Top Tips For Maintaining Your Garden Pond21st September 2021
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Few garden projects are as unique or as rewarding as building your own pond as it involves creating your own beautiful and unique ecosystem filled with water lilies, fish, frogs and other pond life.
However, when building a pond by yourself there are quite a few elements that can go wrong, from location to depth, to the diversity of pond life, that can be frustrating and expensive to fix.
Here are some of the most common mistakes made when building your own pond.
Choosing The Wrong Location
The first and most critical question you must ask yourself when planning your pond is where you intend to place it in your garden.
A poor location is one that is either too far away from the rest of the garden to be regularly maintained and enjoyed, too low so that water can collect and pollute the pond water, or with too little shade that it becomes inhospitable in the midday summer sun.
Too Steep or Too Shallow
If you are undertaking every part of the pond-building process yourself, it is tempting to stick to a shallow pond as it is easier to dig.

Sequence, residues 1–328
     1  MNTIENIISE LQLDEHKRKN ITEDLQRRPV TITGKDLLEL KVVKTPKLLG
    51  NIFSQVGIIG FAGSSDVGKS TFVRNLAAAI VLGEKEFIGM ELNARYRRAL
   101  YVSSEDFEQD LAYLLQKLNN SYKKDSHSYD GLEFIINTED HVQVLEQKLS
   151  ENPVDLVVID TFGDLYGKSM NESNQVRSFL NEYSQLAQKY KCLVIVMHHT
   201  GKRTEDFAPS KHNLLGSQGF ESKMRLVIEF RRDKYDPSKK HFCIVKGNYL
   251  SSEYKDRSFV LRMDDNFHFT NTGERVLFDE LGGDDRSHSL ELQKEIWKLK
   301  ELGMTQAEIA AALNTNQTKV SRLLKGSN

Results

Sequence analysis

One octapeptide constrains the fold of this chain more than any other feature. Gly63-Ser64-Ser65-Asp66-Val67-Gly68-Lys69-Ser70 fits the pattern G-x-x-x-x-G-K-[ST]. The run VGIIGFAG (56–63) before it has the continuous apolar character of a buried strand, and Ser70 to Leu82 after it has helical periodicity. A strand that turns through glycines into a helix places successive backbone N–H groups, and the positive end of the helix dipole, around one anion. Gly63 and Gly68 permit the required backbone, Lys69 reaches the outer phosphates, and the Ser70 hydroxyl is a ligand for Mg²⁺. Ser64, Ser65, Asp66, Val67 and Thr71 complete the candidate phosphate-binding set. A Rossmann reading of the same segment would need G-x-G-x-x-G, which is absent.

However, a shallow pond will heat up very quickly, with a combination of not a lot of water and a wide surface area to catch solar rays. Fish do not tolerate warmer water temperatures very well, and water above 30 degrees Celcius can have catastrophic consequences for fish.
On the other hand, creating overly steep edges can cause issues for frogs and birds, as well as any attempts to set up pond-side plants.
Not Preparing The Pond Water
A pond is a natural ecosystem made up of various types of bacteria, algae and plant life. This particular ecosystem builds up over the course of several weeks and putting fish in too early runs the risk of killing them.
You can use tap water, but make sure to leave the water to sit a few days to ensure the chlorine in the water dissipates, or use a de-chlorinator to get rid of it sooner.
As well as this, make sure to test the water pH, nitrates, ammonia and nitrites to ensure they are in a healthy range to allow your fish to thrive.
Keeping a pond healthy and habitable takes a lot of work, as you need to remove pond scum, debris and other muck that builds up in the pond, using either a pond skimmer or a long net.
As well as this, if you live in an area with freezing winter temperatures, be sure that your water pump and filter will not freeze, or drain the water out of the pipes to avoid cracking them before the season is out.
Whilst there are many different pond sizes, if your pond is smaller than most, it will take more time to maintain, as plants and fish can outgrow a smaller pond far quicker than you may realise.
Maintaining a tiny pond involves closely monitoring numbers and removing fish if they start to form an unruly crowd.